Seal ban temporarily suspended
24 August 2010Markets
The EU trade ban on seal products has been suspended by
the European Court of Justice in order to give various Inuit
organizations more time to present their case. The Canadian Prime
Minister calls the ban 'discriminatory'.
Quite unusually, the European Court of Justice (ECJ) has partially suspended the ban on trade in seal products, which should have come into force on 20 August this year. The ECJ has halted the implementation of the ban to enable Inuit organizations from Greenland and Canada a better chance to voice their case. The suspension only applies to groups who lodged a case with the EJC.
- In our view, the seal ban is both illegal and immoral. The decision is clear evidence that that the EU court is very much aware of the seriousness and principled nature of the fundamental objections of Inuit and other plaintiffs to this very unjust law, says president of the Canadian Inuit organization Inuit Tapiriit Kanatami (ITC). She is supported by the Canadian Prime Minister Stephen Harper, who says the ban is "completely unfair and a discriminatory treatment of a Canadian industry that employs people of modest means."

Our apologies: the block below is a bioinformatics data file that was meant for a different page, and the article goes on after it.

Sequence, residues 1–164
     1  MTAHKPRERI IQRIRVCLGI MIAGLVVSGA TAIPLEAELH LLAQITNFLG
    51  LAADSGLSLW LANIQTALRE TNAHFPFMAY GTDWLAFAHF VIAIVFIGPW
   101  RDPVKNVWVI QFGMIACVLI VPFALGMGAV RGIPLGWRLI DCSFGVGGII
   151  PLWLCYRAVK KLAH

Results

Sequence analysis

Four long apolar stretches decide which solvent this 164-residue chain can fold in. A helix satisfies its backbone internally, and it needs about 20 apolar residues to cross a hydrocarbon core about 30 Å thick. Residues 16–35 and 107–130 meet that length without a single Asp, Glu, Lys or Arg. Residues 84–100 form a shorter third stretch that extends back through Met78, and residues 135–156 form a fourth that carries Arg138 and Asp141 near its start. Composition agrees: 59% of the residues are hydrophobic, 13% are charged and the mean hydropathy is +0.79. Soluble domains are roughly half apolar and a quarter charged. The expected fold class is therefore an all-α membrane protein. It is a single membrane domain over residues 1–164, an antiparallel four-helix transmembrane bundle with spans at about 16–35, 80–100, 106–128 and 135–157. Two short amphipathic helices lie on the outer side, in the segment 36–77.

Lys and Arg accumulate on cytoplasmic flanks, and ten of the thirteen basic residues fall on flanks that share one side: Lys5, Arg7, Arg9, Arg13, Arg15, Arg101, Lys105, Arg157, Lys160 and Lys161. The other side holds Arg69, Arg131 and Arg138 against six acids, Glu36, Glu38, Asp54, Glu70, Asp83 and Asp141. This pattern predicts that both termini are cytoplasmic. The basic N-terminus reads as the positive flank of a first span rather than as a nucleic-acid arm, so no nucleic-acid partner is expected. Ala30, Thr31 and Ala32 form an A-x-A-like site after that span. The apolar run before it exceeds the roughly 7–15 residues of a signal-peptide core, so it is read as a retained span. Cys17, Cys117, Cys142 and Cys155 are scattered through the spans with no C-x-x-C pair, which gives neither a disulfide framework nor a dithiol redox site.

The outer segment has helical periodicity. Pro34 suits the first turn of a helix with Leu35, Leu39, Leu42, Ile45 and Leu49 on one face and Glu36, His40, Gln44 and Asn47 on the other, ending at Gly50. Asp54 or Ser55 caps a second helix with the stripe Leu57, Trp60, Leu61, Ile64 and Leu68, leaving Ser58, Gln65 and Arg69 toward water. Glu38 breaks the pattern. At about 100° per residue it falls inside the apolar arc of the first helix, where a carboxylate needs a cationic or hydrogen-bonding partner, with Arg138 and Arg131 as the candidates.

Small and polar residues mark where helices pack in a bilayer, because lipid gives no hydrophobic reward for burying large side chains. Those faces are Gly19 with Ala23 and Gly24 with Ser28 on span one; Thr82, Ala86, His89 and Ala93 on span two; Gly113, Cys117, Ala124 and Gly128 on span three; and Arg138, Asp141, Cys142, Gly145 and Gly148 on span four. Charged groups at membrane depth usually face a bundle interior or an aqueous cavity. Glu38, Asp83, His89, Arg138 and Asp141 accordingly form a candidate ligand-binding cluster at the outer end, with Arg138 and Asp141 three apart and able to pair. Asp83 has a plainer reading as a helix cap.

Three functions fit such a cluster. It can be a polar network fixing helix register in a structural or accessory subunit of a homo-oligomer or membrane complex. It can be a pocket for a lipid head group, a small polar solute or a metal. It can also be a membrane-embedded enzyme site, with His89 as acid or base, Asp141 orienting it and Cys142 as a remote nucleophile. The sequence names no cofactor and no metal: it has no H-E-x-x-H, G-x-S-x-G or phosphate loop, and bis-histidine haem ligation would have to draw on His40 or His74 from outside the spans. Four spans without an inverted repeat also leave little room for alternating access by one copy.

The EU ban, which was adopted last summer, has been met by a storm of protests from especially Canada. Besides a series of legal lawsuits from various Inuit associations, the issue is also pending before the World Trade Organization WTO, because the Canadians believe that the EU violates rules on free trade. Canadians also argue that the EU has been misinformed about the realities of seal hunting.
- It's a disgrace that they (have been) treated this way in some countries based on no facts or information whatsoever, "says Stephen Harper, while the Canadian Fisheries Minister Gail Shea says that the EU parliament has sided with radical animal rights lobbyists. The EU ban contains an exception for Inuit skins, but the Inuit groups find the exception to be useless, because the general prohibition has completely shattered the basis for trade. Many families in the Arctic fringe areas is dependent on income from seal hunting, says Inuit organizations.
The year long campaign against the seal hunting has mainly been conducted by the world's richest animal rights organization, the Humane Society of the United States, through its International arm, the Humane Society International.
On 7 September the ECJ will decide of the suspension will be prolonged.